Elko, Nev. - The latest polling data from the Las Vegas Review Journal is as follows:
- Mitt Romney 45%
- Newt Gingrich 25%
- Rick Santorum 11%
- Ron Paul 9%
- Undecided 9%
This is a huge jump for Romney. The last poll in late December had him in first but with a much smaller lead over Gingrich.
- Mitt Romney 33%
- Newt Gingrich 29%
- Ron Paul 13%
- Rick Santorum 3%
Paul's support is surpringsly low for somebody who has been campaiging here for months, and had a campaign apparatus on the ground since 2008. While Romney has rock-solid support here and is expected perhaps to even break the 50% mark for the first time in the nominating process, Paul's Nevada campaign boss, Carl Bunce, dismissed the results in an interview with the LVRJ, saying Paul could still win:
"If turnout is higher than 65,000 to 70,000, then more Romney people and more supporters of other candidates are coming up, then we might have some trouble," said Carl Bunce, the Nevada chairman of the Paul campaign. "But we have the numbers to win. We just have to turn them out."
Bunce dismissed the poll results, saying most Paul supporters refuse to participate or lie in surveys because of a bad experience in Nevada four years ago. He said Sen. John McCain's campaign did robocalls to identify Paul supporters and then sidelined them at the state party convention. McCain won the GOP nomination, but the state GOP convention was shut down before delegates could be counted and after Paul supporters tried to take over the meeting from the floor.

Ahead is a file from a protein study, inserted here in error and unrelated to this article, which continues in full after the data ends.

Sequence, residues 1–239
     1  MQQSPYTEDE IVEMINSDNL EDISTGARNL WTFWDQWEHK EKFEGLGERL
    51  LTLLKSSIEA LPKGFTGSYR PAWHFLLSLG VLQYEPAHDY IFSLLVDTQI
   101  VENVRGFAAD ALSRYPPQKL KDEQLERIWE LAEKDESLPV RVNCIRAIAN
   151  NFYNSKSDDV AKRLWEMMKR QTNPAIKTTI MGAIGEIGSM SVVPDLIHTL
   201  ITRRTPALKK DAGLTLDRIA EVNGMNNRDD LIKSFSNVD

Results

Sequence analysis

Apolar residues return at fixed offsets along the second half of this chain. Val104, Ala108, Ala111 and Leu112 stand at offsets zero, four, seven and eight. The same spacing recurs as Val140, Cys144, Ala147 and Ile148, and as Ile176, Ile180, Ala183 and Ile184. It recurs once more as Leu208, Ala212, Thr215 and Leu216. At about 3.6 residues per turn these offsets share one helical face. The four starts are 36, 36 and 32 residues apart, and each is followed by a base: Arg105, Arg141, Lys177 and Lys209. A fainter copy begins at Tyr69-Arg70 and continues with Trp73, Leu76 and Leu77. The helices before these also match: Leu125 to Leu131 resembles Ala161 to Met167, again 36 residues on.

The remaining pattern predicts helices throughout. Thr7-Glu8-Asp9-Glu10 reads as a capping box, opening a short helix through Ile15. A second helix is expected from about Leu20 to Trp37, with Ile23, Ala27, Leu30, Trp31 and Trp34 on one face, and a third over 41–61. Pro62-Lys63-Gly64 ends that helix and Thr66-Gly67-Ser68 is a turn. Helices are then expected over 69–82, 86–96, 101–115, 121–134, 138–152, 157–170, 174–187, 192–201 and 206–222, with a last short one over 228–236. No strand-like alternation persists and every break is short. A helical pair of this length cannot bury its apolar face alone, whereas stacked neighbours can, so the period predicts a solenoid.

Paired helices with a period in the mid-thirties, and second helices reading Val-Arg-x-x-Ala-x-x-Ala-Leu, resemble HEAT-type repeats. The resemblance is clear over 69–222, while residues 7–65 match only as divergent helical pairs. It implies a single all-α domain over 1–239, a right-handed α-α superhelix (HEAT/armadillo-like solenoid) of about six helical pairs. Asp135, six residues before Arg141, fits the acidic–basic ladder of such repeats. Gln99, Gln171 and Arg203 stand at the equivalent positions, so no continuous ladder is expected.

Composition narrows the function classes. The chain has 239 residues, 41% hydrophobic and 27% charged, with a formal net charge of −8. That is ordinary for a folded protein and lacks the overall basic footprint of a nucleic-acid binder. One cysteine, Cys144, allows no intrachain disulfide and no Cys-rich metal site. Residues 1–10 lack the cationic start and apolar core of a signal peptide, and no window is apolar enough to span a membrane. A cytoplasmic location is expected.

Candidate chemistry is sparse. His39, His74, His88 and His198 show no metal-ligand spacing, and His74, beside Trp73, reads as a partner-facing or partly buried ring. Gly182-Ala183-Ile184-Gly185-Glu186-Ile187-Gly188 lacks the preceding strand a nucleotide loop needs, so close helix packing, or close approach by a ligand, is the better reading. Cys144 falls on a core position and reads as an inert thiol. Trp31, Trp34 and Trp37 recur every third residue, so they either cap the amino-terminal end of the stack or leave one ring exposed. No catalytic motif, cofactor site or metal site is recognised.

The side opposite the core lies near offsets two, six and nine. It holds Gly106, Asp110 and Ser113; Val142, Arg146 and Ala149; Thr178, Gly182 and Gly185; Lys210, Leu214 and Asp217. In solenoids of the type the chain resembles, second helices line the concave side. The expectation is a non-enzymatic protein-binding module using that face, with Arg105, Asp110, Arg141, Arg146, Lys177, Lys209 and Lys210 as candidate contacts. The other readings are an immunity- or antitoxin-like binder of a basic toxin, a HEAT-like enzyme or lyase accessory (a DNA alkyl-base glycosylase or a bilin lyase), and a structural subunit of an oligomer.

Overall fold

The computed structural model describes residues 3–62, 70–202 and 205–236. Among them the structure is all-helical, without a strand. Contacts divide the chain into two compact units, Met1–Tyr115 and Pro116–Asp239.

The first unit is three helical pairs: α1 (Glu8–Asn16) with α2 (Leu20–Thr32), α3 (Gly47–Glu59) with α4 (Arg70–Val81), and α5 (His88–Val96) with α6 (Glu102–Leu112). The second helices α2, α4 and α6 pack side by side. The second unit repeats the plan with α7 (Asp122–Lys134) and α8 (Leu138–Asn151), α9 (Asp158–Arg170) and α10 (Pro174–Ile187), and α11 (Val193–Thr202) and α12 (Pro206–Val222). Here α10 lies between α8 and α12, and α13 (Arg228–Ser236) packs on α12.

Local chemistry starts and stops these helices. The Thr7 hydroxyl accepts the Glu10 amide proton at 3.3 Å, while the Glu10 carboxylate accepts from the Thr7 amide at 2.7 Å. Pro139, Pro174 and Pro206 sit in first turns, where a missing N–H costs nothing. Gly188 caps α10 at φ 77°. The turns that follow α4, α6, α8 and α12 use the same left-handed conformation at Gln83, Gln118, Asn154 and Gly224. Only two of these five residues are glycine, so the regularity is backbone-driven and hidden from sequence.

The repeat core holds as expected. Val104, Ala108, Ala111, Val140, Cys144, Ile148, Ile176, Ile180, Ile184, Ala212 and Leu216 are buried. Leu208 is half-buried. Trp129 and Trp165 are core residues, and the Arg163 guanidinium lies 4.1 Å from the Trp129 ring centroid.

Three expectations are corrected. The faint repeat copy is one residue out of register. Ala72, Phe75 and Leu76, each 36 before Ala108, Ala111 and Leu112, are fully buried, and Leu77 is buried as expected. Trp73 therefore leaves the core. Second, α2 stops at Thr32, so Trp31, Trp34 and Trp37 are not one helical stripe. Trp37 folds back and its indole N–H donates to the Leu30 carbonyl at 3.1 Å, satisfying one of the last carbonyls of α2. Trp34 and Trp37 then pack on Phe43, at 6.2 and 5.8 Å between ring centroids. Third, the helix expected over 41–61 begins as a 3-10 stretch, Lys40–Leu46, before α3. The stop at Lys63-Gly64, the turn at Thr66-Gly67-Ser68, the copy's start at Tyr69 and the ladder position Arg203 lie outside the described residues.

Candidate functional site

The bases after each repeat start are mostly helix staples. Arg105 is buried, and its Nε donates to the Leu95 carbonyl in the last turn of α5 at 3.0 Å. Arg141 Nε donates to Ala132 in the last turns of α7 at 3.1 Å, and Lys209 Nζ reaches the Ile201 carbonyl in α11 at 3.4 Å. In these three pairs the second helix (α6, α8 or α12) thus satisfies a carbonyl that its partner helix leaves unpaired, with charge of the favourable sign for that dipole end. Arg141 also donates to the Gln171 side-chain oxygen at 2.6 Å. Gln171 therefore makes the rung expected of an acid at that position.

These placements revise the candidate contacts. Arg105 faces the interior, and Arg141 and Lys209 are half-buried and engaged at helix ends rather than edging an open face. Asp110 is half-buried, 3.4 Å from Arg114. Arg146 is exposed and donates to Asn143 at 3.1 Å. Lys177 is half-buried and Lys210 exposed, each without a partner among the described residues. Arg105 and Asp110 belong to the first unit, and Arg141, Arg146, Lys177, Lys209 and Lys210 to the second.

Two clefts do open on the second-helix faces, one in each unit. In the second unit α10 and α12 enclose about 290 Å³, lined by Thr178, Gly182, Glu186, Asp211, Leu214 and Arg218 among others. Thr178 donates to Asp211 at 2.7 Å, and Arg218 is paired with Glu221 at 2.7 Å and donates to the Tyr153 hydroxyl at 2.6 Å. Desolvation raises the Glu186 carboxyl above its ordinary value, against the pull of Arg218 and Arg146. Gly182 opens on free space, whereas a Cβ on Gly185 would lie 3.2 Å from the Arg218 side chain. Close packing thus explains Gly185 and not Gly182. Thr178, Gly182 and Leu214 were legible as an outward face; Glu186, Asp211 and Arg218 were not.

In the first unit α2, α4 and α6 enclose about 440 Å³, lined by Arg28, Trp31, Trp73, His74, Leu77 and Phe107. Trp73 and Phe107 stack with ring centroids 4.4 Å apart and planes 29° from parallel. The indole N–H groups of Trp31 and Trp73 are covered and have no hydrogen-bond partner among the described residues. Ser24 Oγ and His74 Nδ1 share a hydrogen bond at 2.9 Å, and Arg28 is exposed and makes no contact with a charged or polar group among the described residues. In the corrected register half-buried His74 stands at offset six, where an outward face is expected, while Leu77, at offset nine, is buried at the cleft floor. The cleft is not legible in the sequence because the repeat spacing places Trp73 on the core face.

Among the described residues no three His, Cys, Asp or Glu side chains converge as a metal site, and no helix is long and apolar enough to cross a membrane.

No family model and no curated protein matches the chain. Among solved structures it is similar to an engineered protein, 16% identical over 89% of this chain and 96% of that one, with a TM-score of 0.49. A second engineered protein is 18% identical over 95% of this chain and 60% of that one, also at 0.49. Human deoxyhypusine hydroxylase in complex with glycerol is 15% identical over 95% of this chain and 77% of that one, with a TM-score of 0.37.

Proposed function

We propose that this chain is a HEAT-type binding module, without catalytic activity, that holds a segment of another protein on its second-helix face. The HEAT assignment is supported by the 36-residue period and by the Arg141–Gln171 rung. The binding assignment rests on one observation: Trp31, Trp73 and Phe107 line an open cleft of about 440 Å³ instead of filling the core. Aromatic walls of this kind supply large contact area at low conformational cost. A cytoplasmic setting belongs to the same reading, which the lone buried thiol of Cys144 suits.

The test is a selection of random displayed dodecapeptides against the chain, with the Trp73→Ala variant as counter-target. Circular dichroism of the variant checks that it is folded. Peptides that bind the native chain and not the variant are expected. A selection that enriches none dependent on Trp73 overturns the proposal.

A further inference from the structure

"A lot of the political activists don't answer those polls, or answer falsely," Bunce said. "I'm always skeptical of polls."
Not only are Paul and Romney the only ones campaigning outside of Reno and Las Vegas, they are the only ones who have built statewide networks here. Gingrich has been playing catch-up everywhere since his win in South Carolina, as his campaign was built more on free media than it was on a traditional organization. Santorum's shoestring operation bailed on Florida when it was clear they were wasting their time and quickly bought air time in Nevada for tough ads like this.
These polls are tricky, because caucuses are a completely different animal than a straight primary. Voters have many opportunities to change their minds during a caucus, because they go on for a few hours. They require a deeper understanding of process and devotion to candidate that goes beyeond spending 10 minutes at a polling station. Paul has this in his base of support here. He could perform much better on Saturday than polls are indicating.